Recapping a year of police comfort dog program
Williston’s police comfort dog Duke is about to turn 1.
In his first year, the black Labrador retriever has visited Williston schools 29 times, attended 68 community events and responded to 20 emergency situations, according to Duke’s handler, Officer Matt Cohen.
Cohen provided a first-year recap of the police department’s comfort dog program — the first of its kind in the State of Vermont — last week to the selectboard. Going into year two of the program, the police department expects Duke’s presence in the community to increase as COVID restrictions are hopefully eased.
Lt. Josh Moore said Duke will make more visits to schools in the coming year and will be a fixture at the Isham Farmers’ Market this summer.
In addition to a community relations role, Duke’s primary responsibility is to comfort crime victims and witnesses in emergency situations. Since arriving in Williston as a puppy in May, and undergoing continuous training at Williston’s Thin Blue Line K9 school, Duke has responded to car crashes, sexual assaults, grieving communities and COVID vaccination clinics.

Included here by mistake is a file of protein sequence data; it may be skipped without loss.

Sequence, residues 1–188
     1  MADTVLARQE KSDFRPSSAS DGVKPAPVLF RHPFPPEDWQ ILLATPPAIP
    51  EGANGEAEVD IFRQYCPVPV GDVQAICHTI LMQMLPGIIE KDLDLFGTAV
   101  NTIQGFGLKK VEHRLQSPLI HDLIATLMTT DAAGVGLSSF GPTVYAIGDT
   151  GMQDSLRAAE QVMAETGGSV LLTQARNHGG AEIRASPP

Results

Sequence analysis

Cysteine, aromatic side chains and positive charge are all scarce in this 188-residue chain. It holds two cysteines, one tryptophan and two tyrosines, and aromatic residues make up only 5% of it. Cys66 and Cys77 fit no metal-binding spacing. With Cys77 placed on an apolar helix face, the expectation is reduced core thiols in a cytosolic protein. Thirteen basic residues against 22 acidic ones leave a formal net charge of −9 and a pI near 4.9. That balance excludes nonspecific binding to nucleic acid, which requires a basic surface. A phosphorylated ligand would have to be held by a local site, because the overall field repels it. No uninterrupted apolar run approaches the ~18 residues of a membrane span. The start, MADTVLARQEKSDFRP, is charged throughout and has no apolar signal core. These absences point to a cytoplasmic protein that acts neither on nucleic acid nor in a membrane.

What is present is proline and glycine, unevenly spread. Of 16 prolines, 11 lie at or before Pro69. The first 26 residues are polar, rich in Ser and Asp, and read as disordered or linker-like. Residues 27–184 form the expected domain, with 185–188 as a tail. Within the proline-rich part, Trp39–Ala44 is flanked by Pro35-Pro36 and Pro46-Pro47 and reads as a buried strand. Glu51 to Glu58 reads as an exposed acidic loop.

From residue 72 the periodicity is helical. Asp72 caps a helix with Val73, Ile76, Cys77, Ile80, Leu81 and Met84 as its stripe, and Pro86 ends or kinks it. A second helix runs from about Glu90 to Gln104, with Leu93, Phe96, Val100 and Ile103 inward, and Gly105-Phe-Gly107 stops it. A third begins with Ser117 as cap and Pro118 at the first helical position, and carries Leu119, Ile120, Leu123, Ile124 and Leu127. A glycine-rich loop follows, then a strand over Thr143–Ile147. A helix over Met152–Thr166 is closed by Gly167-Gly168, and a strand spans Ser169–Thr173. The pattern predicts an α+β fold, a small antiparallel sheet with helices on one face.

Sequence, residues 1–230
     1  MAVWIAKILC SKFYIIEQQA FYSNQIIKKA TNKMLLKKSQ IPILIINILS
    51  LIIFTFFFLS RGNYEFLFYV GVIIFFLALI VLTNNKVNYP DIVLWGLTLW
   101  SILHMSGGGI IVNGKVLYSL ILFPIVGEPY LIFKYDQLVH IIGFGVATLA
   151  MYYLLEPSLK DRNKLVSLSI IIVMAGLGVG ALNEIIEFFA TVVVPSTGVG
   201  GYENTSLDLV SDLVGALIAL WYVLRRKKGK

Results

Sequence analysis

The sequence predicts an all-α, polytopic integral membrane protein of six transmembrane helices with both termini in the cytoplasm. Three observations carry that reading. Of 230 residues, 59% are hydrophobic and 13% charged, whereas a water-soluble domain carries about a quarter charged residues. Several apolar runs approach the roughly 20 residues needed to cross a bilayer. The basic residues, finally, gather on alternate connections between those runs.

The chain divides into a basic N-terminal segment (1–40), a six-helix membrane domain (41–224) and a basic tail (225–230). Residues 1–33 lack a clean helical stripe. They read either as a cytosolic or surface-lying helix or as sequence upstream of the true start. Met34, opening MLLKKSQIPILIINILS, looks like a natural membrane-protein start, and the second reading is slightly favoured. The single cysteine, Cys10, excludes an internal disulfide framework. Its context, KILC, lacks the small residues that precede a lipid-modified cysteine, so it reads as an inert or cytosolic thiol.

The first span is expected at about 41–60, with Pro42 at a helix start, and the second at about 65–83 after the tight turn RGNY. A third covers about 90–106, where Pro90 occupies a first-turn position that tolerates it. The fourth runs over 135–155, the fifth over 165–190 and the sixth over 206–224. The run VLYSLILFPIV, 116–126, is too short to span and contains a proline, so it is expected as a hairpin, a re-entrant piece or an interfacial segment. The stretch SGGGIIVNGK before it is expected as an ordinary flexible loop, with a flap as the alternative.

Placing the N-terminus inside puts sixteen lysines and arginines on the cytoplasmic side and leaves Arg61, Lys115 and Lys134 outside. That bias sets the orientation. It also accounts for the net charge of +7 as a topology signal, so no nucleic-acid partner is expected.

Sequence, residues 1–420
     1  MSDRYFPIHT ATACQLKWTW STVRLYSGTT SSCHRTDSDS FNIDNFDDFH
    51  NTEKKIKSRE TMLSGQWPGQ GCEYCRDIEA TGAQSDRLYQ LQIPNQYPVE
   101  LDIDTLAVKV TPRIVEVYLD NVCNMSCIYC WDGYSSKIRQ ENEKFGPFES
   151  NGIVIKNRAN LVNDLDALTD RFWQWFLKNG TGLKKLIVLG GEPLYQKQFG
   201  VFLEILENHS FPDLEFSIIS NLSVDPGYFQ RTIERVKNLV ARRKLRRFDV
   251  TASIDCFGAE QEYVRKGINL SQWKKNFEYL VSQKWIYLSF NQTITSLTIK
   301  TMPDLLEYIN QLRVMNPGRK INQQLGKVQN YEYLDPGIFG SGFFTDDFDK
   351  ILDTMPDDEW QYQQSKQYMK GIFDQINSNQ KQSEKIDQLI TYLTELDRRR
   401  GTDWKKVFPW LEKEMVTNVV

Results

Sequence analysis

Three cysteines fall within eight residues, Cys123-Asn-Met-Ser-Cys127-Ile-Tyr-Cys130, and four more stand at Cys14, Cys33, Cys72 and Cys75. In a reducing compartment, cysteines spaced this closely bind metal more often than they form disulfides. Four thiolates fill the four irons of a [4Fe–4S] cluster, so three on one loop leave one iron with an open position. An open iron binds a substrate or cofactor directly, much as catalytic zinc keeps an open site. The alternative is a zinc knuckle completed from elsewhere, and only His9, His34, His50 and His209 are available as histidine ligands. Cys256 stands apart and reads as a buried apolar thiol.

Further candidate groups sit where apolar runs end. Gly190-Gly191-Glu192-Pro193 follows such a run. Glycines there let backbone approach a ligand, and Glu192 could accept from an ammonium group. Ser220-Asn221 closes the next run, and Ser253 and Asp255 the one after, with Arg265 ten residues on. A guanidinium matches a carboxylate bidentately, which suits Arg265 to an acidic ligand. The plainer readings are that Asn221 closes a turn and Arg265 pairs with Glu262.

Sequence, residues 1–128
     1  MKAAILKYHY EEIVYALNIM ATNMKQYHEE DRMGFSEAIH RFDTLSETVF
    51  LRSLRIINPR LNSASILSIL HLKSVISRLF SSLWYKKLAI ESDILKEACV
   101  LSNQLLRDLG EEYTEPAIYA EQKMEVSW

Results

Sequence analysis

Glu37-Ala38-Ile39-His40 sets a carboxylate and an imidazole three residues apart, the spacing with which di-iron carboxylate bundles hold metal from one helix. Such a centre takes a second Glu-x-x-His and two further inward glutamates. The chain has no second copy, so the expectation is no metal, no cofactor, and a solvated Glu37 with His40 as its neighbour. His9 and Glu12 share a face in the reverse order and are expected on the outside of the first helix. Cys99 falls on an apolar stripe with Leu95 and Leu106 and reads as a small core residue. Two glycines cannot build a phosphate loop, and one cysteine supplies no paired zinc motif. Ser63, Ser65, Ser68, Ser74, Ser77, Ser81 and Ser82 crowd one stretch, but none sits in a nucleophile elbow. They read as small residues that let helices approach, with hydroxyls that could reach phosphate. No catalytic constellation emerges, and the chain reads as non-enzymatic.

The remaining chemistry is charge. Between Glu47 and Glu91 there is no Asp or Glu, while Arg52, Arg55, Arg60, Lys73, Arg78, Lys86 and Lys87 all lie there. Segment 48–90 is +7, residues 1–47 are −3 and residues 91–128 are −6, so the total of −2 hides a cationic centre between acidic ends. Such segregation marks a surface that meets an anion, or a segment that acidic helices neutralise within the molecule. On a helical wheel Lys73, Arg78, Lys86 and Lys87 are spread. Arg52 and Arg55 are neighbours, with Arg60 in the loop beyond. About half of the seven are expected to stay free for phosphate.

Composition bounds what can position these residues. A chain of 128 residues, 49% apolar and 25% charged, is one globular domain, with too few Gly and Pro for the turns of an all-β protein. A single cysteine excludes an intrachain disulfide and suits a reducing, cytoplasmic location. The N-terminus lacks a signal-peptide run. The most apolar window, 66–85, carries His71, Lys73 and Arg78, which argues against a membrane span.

Cohen highlighted one incident where Duke comforted two children on a roadside as their parent was arrested for driving under the influence of alcohol.
“The kids only remember interacting with Duke and not their parent being arrested,” Cohen said. “He had a major impact.”
Another standout occasion was spending three consecutive days at Williston Central School after the unexpected death of a student.
The dog facilitates communication, helps victims and witnesses get through trauma and helps first-responders deal with calls involving mental health crises, Cohen said.
“This has been a great tool for us in a number of cases,” he said.
— Jason Starr